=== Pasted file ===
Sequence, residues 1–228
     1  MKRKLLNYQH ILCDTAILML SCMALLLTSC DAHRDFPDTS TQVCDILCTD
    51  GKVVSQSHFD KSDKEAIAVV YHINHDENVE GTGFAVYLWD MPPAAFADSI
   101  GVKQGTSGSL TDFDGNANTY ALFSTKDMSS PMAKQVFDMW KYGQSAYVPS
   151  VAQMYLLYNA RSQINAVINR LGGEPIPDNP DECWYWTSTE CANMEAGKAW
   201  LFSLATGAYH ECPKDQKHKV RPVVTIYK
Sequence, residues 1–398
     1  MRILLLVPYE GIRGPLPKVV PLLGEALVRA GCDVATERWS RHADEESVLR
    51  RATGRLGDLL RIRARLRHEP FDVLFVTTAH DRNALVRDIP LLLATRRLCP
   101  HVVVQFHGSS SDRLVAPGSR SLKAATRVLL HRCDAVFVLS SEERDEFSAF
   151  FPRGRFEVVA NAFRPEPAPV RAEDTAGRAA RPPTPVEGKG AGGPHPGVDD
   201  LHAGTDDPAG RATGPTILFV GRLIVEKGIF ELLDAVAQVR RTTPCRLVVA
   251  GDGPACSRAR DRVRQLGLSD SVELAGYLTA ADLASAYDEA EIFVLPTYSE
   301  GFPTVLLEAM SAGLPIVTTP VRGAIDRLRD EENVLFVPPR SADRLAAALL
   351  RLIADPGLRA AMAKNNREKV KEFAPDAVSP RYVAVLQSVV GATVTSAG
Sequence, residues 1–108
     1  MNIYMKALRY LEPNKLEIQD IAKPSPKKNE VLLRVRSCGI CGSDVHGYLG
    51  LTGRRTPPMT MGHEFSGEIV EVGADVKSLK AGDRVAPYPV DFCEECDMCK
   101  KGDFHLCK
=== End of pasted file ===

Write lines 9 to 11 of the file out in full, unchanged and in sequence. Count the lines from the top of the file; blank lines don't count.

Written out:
    51  RATGRLGDLL RIRARLRHEP FDVLFVTTAH DRNALVRDIP LLLATRRLCP
   101  HVVVQFHGSS SDRLVAPGSR SLKAATRVLL HRCDAVFVLS SEERDEFSAF
   151  FPRGRFEVVA NAFRPEPAPV RAEDTAGRAA RPPTPVEGKG AGGPHPGVDD